On the street, they call me Johnny or The Flusher. My father gave me my name, John Flusher. He always hoped I’d grow up to be a plumber like him.
“Pops,” I told him, “that kind of work drains me. I need some excitement in my life. You know me, ‘danger’ is my middle name.”
“Your middle name is Mortimer,” he says.
We didn’t always see eye-to-eye, Pops and me, mostly because I was six inches taller, but he taught me to go after my dreams. “Be a plunger,” he always told me. So when I left home, I plunged into a life of learning how to survive on the streets. Now, I’m a P.I., just like the circumference of any circle divided by its diameter.
And I got more stories than the Empire State Building. Here’s one of them.
I pushed open the door, noting the busted lock. I seen the dead monkey when I walked into the room. Next thing you know (which ain’t really the next thing, but to save time, I skipped the scratching of my posterior), I stepped on a big wad of gum. As I looked down at the gooey strings connecting my shoe to the floor, the squirrel says, “Hey, gumshoe, looks like you stepped into another mess.”
I wanted to make a riposte, but I wasn’t sure what it was.
“I been tailing you, Louie,” I says, in spite of knowing better. All morning my subjects and verbs had been disagreeing, and I needed more coffee to do anything about it. “Your wife sent me. She knows you’ve been putting your acorns into more than one tree.”
Louie smiled, pointed to his tail, and says, “I’ve been tailed all my life, Johnny.” He smiled when he said that last line and put his arm around the dame beside him. She wore a fur coat that matched Louie’s and laughed every time he cracked a joke. She had the biggest two front teeth I’d ever seen. When she saw that I was staring, she flashed them at me and said, “Yeah, they’re real.”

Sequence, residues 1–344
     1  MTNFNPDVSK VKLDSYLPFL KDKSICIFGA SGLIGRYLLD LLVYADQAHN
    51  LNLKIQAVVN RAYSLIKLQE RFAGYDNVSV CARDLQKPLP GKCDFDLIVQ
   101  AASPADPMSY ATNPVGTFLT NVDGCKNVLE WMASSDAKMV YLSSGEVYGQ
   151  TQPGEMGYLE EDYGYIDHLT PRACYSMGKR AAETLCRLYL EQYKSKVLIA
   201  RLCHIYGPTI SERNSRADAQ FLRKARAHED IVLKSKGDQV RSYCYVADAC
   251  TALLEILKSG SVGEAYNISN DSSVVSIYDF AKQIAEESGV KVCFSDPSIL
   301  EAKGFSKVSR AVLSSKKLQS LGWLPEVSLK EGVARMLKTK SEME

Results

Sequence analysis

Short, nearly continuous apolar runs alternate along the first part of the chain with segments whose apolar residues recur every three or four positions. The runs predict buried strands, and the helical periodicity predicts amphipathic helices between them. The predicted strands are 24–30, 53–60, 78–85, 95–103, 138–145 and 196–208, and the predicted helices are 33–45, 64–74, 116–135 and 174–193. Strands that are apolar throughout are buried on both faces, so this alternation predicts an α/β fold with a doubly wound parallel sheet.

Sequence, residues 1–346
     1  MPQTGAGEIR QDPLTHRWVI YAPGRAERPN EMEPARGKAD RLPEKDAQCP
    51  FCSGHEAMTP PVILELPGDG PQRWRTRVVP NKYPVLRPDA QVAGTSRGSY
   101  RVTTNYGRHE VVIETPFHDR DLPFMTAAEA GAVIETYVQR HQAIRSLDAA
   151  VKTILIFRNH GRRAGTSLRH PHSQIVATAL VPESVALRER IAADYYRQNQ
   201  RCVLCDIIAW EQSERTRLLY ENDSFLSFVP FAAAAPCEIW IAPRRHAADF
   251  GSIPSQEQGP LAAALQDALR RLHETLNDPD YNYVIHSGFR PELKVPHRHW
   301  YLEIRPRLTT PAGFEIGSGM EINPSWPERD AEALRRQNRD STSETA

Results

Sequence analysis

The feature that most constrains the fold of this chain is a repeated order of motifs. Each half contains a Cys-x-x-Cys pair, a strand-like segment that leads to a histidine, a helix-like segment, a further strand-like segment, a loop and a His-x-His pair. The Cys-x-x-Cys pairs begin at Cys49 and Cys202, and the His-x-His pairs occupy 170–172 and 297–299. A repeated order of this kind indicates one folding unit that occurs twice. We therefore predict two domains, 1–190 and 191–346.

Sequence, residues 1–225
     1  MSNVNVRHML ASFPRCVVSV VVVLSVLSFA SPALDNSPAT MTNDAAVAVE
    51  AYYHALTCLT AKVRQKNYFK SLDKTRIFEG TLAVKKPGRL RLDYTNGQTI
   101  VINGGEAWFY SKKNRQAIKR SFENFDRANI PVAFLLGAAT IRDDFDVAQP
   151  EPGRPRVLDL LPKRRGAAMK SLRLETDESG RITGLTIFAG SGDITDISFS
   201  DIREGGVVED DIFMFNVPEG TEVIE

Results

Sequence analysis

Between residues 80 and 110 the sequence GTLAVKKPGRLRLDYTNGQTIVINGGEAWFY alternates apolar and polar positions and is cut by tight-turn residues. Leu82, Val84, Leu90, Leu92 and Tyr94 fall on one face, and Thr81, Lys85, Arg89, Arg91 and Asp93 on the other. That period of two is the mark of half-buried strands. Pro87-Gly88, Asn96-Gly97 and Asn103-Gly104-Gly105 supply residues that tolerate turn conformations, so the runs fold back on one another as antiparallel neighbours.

I jerked my head toward the primate, “Who’s the guy in the monkey suit? And what happened to him?”
Louie cracks a nut and mutters, “Just a guy with a big mouth. We called him Howler. I told him to get off my back, see, but he wouldn’t listen. Plus he was a real swinger. Kept making moves on my doll here.” He pointed to a sock monkey the dame was holding. “I told him to get out of town and I warned him I wasn’t monkeying around.”
The dame seemed too classy for Louie, but I could tell she was nuts about him. “Were you here when it happened?” I says, watching her crack an acorn with those teeth.
“Louie gave him a chance” she says, twitching her ears. “He told Howler to make like a banana and split, but Howler came out swinging. It was self-defense.”
I ignored her. Dames will say anything to protect their squirrel. I looked at Louie. I start off phonetically and asks, “Whadja use to kill him? A hammer, a gun, a steel object, or a Remington?”
Louie pointed to a pistol on the table. I walked over to the monkey. Poor sap looked like a PowerPoint presentation, he had so many bullets in him.
“Whose gun?” I says (incorrectly) again.
“It belongs to my son, Louie Louie.”
“Gun of a son,” I says, “I should’ve known.”
I walked back to the door and looked at the busted lock. “It’s a Shure Lock, Louie. They’re hard to bust. The monkey musta thought his home was safe with that thing on the door.”
Louie eats another nut and says, “Yeah, but Shure Lock homes don’t always keep you safe.”
Photo courtesy: http://www.flickr.com/photos/cthulhuwho1/